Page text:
As seen in FIG. 12, each drive motor 56, 62 and 74 is actuated by a corresponding drive control 130, 132 and 134, respectively, which, in turn, is interfaced through interface 136 with an information processing means in the form of microprocessor 140. Drive motor 100 is actuated by a drive control 142 which includes a speed selector 143 and which is connected to interface 136 through a control relay 144, while the actuator 50 of chucking fixture 41 and the actuator assembly 116 for squeegee 110 are operated by an actuator assembly control 146 connected to interface 136 through another control relay 148. Appropriate sensing and limit switches 150 are placed in suitable locations in printing machine 32 and connected to interface 136. An operator means, here shown in the form of an alpha-numeric keyboard 152, operates the microprocessor 140, and a display 154 may be provided to aid in the programming and operation of the microprocessor 140. A separate information storage device 156 may be utilized to store information to be utilized in the operation of the apparatus.

Microprocessor 140 is programmed to process information pertaining to the cross-sectional configuration of the bottle 20 and information pertaining to the condition of the positioning means which positions the bottle 20 relative to the screen 90 at the point of transfer 120 so as to provide operating information to the positioning means, which operating information enables the positioning means to maintain the proper relative position and the appropriate relative velocity between the bottle surface 22 and the screen 90 at the point of transfer 120 during a decorating cycle. The information pertaining to the condition of the positioning means is in the form of the location of the Z axis in terms of the distance along the X axis and the Y axis from a given reference point, in this instance the reference point being a home position which coincides with the intersection of the X and Y axes, or the origin of the orthogonal coordinates provided by the X and Y axes, and the angular position of the bottle 20 about the Z axis, as referenced to a starting or home position. As described above in connection with FIGS. 8 through 11, for any chosen point along the outer surface 22 there is a corresponding angular position of the bottle 20 about the Z axis and a corresponding location of the Z axis in terms of the X and Y axes. By choosing a plurality of points along the outer surface 22, information pertaining to each of the plurality of points will be utilized by microprocessor 140 to operate the apparatus through a complete decorating cycle, as follows.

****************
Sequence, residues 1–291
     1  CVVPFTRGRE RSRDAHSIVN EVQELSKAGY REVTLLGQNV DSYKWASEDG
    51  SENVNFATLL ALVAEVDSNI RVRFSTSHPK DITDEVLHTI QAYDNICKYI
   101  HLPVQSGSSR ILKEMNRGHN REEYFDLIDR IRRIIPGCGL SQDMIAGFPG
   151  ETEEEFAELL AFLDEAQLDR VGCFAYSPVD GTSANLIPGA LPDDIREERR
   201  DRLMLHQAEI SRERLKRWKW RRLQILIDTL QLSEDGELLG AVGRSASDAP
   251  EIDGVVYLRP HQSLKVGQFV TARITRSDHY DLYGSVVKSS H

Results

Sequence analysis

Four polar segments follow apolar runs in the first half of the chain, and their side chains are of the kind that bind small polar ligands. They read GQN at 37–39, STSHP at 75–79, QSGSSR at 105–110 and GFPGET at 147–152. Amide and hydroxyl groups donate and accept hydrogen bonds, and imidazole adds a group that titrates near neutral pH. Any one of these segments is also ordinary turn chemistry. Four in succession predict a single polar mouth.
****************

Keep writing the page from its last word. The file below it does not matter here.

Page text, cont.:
Referring now to FIG. 13, as well as to FIG. 12, a program flowchart 160 illustrates the operation of the apparatus 30 through a decorating cycle. Preferably, drive motors 56, 62 and 74 are stepping motors and the position information for each point along the outer surface 22 of bottle 20 is furnished by the microprocessor 140 in terms of increments of movement of each drive motor, relative to the starting or home position, necessary to reach that point and place that point in the proper relative position and appropriate relative velocity at the point of transfer 120. The velocity information for each point also is supplied by the microprocessor 140 in terms of increments of movement within a specified time. In apparatus 30, microprocessor 140 is provided with position and velocity information for four hundred points along the outer surface 22 of bottle 20, corresponding to four hundred increments of rotation of the bottle about the Z axis, in a manner which will be explained in detail hereinafter. Suffice it to say at this juncture that for the given elliptical contour of outer surface 22 of bottle 20, microprocessor 140 is provided with information defining four hundred points spaced around the full perimeter of the elliptical cross-sectional configuration, corresponding to four hundred increments of rotation of the bottle 20 about the Z axis. While the number of increments of rotation is four hundred in the illustrated embodiment, the choice of the number of increments may be varied in accordance with the specific requirements of articles of various sizes and shapes.